Tennessee Williams once said in praise of the younger Joan Didion that she had a special way of perceiving the realities and the unrealities of the time they were living in. I wonder if the great “Glorious Bird” as Gore Vidal affectionately called him, might say the same of playwright Christopher Chen were he still with us. Well, I certainly would! The Full Circle Theatre Company’s production of Caught, Chen’s play about pretentiousness, exploitation, and postmodernist deconstruction of contemporary art would surely be worthy of similar praise. It plays in the Guthrie’s Level 9 Dowling Studio, an ideal location for the heady mischief this intimate, yet big, play frolics in.
To say that Chen spoofs that world is not the verb to describe how Caught works as a play. Though the interchanges throughout can, should, and will be seen as outlandish. Nonetheless, if you’re someone who tracks the world of art and multiculturalism, you may recognize that what unfolds uncannily mirrors circuitous and convoluted ways wherein art has come to be portrayed in the media and the public sphere.
There are several angles which Chen’s text lays out and director Rick Shiomi piercingly realizes them through an acting ensemble that effervescently flickers with wit, intelligence, and an undercurrent of psychic cultural warfare. And you can decide for yourself after you’ve seen this fascinating production, who you think is losing and who is winning.
Caught’s imaginative unpredictability means that in writing about it, the reviewer must be aware of spoilers. The production actually starts pre-show as the audience goes onto/into the playing area where Mina Kinukawa’s handsome set, strikingly like a modern art museum gallery, showcases sleekly harsh visual pieces that reflect punitive and intimidating images critical of contemporary Chinese totalitarianism. Dapperly dressed docents (costumed nicely by Khamphian Vang) pleasantly guide the patron, i.e. audience member. The sanitized cocktail party sense of a gallery opening where one typically hears phony-baloney comments like “Oh, isn’t that interesting” is in full swing from the get-go. Though, to be fair, I didn’t hear anyone one say such a thing at the Dowling Studio pre-show. But if you’ve been to one of these in “real life” you know what I mean.
The action and dialogue of Caught’s three scenes in 90 minutes begins with Brian Kim in a transformational performance as Lin Bo. Kim’s very physical essence seems to organically shift in the duration of this role of a Chinese dissident artist whose time incarcerated in the post-Tiananmen Square era has come under scrutiny. Americans who recall this period may be made to consider that tyranny wasn’t buried with Chairman and Madame Mao, or that perhaps the U.S.-China Relations Act of 2000 wasn’t the sunny wonder it was cracked up to be. American conventional wisdom is quick to pile on Russia, which is fair enough. But China often seems to get a pass. Revelations about sex trafficking between North Korea and China serve as a recent example.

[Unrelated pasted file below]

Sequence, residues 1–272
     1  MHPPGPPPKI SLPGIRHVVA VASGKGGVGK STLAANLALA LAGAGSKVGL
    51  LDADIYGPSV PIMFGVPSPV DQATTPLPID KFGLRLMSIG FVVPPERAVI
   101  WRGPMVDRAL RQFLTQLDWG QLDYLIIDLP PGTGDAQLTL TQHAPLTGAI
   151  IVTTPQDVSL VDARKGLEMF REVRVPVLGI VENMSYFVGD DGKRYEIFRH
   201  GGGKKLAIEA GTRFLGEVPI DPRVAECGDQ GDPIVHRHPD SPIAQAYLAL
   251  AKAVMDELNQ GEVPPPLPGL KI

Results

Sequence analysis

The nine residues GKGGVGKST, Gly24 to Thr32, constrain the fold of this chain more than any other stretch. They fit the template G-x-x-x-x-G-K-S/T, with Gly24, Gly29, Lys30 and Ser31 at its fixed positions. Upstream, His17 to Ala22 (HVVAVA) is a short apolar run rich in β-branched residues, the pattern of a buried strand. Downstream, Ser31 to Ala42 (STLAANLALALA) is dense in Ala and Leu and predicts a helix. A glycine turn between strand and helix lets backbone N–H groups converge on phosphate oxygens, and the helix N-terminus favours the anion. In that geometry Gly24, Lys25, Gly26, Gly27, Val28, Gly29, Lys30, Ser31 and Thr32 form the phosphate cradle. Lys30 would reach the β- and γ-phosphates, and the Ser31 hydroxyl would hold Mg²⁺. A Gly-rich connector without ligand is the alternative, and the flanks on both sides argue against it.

Questioned by Joyce, a gullible journalist, Lin Bo appears quite sympathetic—at first. However, as new information emerges, Erika Kuhn gives us a Joyce that truly tickles the funny bone. Discombobulated, she seems to be having veils lifted from her eyes every few minutes. She exemplifies a “Chenesque” observation of American naivete, an idea that recurs within the course of the play. Such observations are not “anti-American”, but may actually be legitimate warnings to Americans that we really need to question not only the art we see, whatever art form it is, but the tastemakers and critics who carry heavy influence on what is seen and what is not.
Edwin Stroud shines in a maddening role as the unlikable magazine editor whose obnoxiousness is balanced out by the fact that he is rightly correct about something crucially important. He’s that annoying kind of guy who reminds us that truth isn’t necessarily packaged in politeness, congeniality, and grace. Truth can be blunt, to say the least.